It's a great movie. It got backlash because of "My Heart Will Go On" and Leo-mania. As time has passed people have put their hate aside and let it live as it should. And a new generation has probably found some appreciation for it as well.
I love it, always have, but seeing it recently has made me detest the love story. While it is obviously the main focus point of the film, it still has a lot of incredible things about it, like the sinking, historical characters & supporting characters, cinematography, score etc. I love the film for these aspects, but I can't stand the main romance plot anymore.
Its just I've found the two main characters to be obnoxious & not very interesting. Not to the point of making me not hate it entirely though. I know this might seem like a weird opinion.
Technically, it was great...though I never once believed that water was cold. Jack was submerged up to his waist in FRIGID ARCTIC water and would've died of exposure right then. And when Rose came wading down the water-filled hallway like it was nothing, I knew right then a suspension of disbelief was necessary. I did like the CGI'd breath for the characters, however.
I think I would've preferred a straight documentary approach, without the sappy love story, though I do like the very end. Very sentimental.
I've always been fascinated with the Titanic sinking so I love the historical aspect of this movie but the love story gets old fast. It really is sad how so many of the historical scenes ended up on the cutting room flood compared to the so few love story ones that did. I wish Cameron had hired a screenwriter to write a better script instead of writing his own to stoke his ego.
I tend to overlook the love story and any unrealistic details. But the film is an excellent use of CGI to realistically depict the event. I think Bates is among the finest actors today and I love that she plays Molly Brown. Cameron's version far surpasses the previous films on this tragedy.
Post by coldenhaulfield on Mar 6, 2017 4:32:50 GMT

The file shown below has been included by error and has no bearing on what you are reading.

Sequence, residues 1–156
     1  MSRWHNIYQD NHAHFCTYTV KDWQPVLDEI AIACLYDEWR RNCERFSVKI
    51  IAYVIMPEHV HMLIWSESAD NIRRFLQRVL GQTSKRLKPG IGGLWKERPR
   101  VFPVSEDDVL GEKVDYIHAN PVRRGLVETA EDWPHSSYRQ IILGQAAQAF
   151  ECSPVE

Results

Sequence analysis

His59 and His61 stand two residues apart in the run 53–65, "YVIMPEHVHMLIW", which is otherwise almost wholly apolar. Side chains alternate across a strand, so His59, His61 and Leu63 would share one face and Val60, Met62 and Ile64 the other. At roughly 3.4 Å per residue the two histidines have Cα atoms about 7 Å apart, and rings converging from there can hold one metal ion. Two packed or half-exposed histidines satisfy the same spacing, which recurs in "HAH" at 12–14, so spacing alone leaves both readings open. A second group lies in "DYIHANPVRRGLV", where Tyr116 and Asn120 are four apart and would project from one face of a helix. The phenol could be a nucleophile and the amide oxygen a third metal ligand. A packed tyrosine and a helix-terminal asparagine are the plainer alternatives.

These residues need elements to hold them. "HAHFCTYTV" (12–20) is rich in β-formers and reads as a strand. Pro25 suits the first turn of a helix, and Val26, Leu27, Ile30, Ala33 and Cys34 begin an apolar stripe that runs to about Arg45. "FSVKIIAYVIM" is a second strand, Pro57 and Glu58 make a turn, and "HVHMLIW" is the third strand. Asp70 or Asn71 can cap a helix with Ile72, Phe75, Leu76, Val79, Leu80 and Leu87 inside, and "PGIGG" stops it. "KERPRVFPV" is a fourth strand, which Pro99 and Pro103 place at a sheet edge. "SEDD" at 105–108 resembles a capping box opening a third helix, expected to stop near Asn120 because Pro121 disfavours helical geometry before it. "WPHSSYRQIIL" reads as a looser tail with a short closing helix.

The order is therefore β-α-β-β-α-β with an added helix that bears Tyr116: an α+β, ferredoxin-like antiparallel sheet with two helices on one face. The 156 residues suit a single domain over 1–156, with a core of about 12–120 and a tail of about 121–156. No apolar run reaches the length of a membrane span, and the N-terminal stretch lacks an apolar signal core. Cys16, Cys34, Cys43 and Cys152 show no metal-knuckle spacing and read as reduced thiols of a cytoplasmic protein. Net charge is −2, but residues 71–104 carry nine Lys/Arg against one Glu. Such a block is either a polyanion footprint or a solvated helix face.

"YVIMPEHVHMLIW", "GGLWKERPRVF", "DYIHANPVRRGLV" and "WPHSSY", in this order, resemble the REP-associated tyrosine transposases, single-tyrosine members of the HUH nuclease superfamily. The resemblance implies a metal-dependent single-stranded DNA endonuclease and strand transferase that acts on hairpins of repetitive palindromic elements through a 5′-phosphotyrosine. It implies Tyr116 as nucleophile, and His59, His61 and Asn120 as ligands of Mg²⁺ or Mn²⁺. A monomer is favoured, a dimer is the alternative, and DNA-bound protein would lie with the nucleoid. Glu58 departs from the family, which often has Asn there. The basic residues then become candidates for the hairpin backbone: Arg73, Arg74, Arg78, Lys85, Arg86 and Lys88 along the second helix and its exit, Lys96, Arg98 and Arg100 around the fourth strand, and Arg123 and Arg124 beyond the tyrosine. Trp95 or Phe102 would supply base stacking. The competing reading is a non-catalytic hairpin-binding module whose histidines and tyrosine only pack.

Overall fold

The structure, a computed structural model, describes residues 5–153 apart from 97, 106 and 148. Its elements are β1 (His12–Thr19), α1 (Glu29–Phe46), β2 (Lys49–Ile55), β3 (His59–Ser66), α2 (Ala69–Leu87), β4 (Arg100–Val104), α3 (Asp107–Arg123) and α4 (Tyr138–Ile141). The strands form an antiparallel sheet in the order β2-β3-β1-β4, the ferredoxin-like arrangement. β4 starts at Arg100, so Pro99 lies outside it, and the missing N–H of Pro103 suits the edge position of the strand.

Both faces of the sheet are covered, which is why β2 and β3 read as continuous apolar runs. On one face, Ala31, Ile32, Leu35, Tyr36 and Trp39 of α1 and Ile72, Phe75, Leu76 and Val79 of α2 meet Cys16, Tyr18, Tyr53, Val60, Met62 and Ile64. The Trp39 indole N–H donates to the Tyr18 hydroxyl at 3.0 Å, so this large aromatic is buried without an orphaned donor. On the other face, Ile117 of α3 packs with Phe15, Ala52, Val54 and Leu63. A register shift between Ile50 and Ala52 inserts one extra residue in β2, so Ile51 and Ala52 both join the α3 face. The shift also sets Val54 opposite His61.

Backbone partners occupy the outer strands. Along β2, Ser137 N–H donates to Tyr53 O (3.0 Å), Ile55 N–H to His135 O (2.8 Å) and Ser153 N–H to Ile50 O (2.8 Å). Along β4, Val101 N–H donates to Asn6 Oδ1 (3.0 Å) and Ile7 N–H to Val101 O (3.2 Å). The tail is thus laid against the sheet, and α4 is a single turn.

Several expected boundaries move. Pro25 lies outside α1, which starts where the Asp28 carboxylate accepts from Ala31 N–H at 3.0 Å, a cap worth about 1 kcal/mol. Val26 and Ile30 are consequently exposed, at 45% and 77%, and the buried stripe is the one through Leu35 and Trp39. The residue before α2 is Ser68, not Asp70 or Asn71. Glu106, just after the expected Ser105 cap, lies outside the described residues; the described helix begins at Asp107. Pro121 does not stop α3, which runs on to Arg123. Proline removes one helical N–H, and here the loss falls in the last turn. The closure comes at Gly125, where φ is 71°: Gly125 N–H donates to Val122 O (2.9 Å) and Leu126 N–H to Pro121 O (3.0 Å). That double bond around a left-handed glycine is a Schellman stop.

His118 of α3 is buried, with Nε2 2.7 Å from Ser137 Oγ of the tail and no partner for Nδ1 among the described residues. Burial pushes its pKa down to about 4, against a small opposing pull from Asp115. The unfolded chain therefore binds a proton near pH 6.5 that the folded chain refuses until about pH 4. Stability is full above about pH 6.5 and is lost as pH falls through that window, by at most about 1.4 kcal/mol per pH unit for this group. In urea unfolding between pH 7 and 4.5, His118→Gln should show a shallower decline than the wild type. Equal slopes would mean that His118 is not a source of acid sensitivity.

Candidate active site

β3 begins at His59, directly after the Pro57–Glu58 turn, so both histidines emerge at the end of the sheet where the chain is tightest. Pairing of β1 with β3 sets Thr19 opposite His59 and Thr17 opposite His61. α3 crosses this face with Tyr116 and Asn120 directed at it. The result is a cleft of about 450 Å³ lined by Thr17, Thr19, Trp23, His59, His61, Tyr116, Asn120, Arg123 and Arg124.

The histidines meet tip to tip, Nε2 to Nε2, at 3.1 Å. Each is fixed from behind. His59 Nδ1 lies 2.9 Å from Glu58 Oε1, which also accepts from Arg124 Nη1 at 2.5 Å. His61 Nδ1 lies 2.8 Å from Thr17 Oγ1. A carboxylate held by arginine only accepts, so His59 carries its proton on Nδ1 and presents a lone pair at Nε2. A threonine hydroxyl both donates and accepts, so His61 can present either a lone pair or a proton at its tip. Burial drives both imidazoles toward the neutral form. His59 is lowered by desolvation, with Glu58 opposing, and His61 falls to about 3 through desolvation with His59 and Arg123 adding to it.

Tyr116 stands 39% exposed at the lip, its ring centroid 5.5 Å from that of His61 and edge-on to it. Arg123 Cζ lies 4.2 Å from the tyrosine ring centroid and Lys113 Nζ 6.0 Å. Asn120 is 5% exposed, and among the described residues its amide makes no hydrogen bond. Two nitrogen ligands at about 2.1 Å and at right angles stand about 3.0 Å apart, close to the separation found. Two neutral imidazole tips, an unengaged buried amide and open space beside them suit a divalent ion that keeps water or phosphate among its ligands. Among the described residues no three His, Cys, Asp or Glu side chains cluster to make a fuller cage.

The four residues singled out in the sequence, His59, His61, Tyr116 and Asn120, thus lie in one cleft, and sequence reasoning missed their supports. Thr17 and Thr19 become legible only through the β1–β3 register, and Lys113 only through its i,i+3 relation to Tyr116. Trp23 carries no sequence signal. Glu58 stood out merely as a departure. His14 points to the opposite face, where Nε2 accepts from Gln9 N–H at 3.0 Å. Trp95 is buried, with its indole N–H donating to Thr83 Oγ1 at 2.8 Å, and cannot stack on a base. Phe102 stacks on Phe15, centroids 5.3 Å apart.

Perfectly competent, two-star movie with inexplicably huge box office and lasting reputation of being faddish, overrated, and overwrought. Has not aged well. I rarely, if ever, hear it brought it up in an unironic or non-pejorative way.
“Truth always rests with the minority, and the minority is always stronger than the majority, because the minority is generally formed by those who really have an opinion, while the strength of a majority is illusory, formed by the gangs who have no opinion — and who, therefore, in the next instant (when it is evident that the minority is the stronger) assume its opinion… while truth again reverts to a new minority.” Søren Kierkegaard
Post by Toasted Cheese on Oct 14, 2017 3:32:09 GMT
From a technical point of view for it's time, and also the romantic aspect of the two leads, the film ticked all the right boxes. Apart from that, while the story is interesting, the script itself and dialogue is trite and soggy. It is a transparent film, easy to see through it's faults and it doesn't hold many layers or nuance to make it a more discerning or even artistic and visceral film that at least challenges the audience somewhat. It relies on it's ham-fisted manipulation of simpleminded audience emotions, and a visual wow factor. Superficial!
I hated it. Thoroughly unconvincing plot - there is no way a young upper class girl in those days would be allowed to run around the ship unchaperoned, still less go anywhere near third class. Rose and Jack both very annoying characters. Far too sentimental. Villain so absurdly villainous he was a caricature - if they hadn't been on a ship he'd have been tying Rose to the railway lines.